The Importance of Early Language Learning for Baby

Before birth, baby has been listening to sounds while mother is still carrying him, even though it might sound like voices under water. Babies do in fact learn in the womb, and what they learn helps them after they are born. Research shows babies prefer to hear a higher pitched voice because of the familiarity they already have with their mother’s voice.9

Learning how to speak begins during infancy, when baby’s tongue comes in and out of the mouth. It’s this exercising and experimenting with the muscles used for speech that gets baby ready to talk. You may also notice some cooing, perhaps at different volumes. It takes time for baby to learn to coordinate all these parts, which is a reason why speech seems to take so long to emerge. While baby is developing these skills, he is also busy watching human faces (which he loves), hearing talking, and observing the world around him.

Before the body parts for speech are fully developed, believe it or not, your baby is ready to sign! The reason is because the part of the brain used for speech is developing slower than the part of the brain baby uses to learn sign language. A baby’s hand muscles are developed earlier than the muscles used for speech.10 You can introduce simple signs from birth to help you become familiar with them and comfortable using them. You may even incorporate sign language with reading. When your baby is ready to produce the first sign, as early as 6–8 months, you will be ready to know and teach the signs you want your baby to learn. Too many parents wait to gain the knowledge themselves until they feel their baby can sign, but these bases should be covered earlier.

Many babies will develop their own signs for communicating if no one teaches them proper signs. In fact, it’s never too late to teach your child how to sign and reap the many benefits. The use of sign language can reduce frustration and even raise a child’s IQ. Consider the study by John D. Bonvillian and Keith E. Nelson, titled “Sign Language Acquisition in a Mute Autistic Boy.”11 The study begins with an initial assessment of 9-year-old Ted, a boy with autism who does not speak. Children with autism generally do not like changes in their routine, are poor communicators, can become frustrated if misunderstood, do not socialize very well, and have behavior problems, to name a few common traits. I think most families can identify with one or more of these problems even if they do not have a child with special needs.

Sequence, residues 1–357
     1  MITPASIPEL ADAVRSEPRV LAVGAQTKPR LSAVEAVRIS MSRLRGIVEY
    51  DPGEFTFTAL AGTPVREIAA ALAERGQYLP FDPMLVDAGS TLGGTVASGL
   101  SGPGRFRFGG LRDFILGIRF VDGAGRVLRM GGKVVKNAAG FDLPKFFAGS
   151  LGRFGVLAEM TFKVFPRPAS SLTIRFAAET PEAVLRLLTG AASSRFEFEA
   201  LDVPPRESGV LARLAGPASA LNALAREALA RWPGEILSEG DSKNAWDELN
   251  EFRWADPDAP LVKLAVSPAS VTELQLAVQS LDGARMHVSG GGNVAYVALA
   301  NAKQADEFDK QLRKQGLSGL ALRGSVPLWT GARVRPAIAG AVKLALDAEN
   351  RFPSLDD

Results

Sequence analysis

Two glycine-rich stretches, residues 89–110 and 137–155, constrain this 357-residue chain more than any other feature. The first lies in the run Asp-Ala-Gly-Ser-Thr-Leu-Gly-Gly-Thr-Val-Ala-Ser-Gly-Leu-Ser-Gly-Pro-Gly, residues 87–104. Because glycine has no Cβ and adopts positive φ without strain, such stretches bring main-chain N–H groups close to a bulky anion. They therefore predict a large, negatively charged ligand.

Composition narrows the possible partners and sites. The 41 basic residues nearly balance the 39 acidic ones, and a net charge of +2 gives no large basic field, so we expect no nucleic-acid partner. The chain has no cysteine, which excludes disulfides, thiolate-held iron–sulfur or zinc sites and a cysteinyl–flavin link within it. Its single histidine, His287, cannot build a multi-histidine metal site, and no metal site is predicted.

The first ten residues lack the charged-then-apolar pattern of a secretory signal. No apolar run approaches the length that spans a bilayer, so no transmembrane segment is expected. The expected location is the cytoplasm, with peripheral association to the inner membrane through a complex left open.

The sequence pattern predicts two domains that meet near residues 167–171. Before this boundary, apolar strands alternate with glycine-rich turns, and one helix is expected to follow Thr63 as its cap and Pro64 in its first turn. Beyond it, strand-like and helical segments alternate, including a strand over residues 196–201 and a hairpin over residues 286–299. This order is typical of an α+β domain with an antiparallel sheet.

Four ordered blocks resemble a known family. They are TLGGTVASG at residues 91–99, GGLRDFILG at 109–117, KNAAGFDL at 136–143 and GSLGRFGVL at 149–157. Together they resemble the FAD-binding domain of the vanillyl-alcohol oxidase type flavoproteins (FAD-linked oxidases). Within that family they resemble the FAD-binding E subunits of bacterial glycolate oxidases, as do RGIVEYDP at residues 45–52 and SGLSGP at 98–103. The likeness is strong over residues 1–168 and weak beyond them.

When Ted was 2 he displayed “emotional disturbances.” A hearing test was done to rule out hearing loss as a reason for these problems, but Ted’s hearing was within normal ranges. Starting at age 3, his parents tried several programs to improve his communication, including computers, group play therapy, and the use of incentives to encourage speech and to motivate paying attention to teacher and parent. When Ted was 9, the teacher noted that his receptive skills had improved somewhat since he had started pointing to objects, although he was still uncommunicative and his social interactions were inappropriate. The teacher decided to try sign language. Signing is easily taught since it is a visual form of communication, and Ted’s hands could be molded to make the signs.

The teacher, family, and other staff members would help “mold” Ted’s hands to make the sign for an object as they verbalized the word in English. It was important to involve the family so that Ted could “generalize” his American Sign Language (ASL) beyond the confines of the learning center.

During the next six months, Ted developed a functional language. Ted learned to sign when he needed to use the bathroom, tantrums were reduced, overall body movements were calmed, and his social interactions improved. Sign language proved to be the only way Ted could communicate, and the use of sign language improved his life dramatically. Signing can work for you too.

Early intervention starts when your baby comes home from the hospital. Start reading! Your baby won’t even care if you read a recipe book—just read. If you are unfamiliar with American Sign Language, now is the time to learn it, or if you already know ASL, now is the time to brush up on your skills. Be ready to teach.

Keep signs consistent and relevant to daily activities, like eating and bathing, starting with “eat,” “bath,”and “more,” for example. “Model” the sign repeatedly for baby. You may even mold the sign with baby’s hand as you verbalize the word. Always say the word as you are making the sign. The next step is to put two signs together, such as “more eat” and “more bath.” Once your baby catches on that use of a sign produces a certain effect, you are on your way to expanding vocabulary related to those effects. Try using those signs in different settings and in a different context. You will find you have a much happier (and smarter!) baby.

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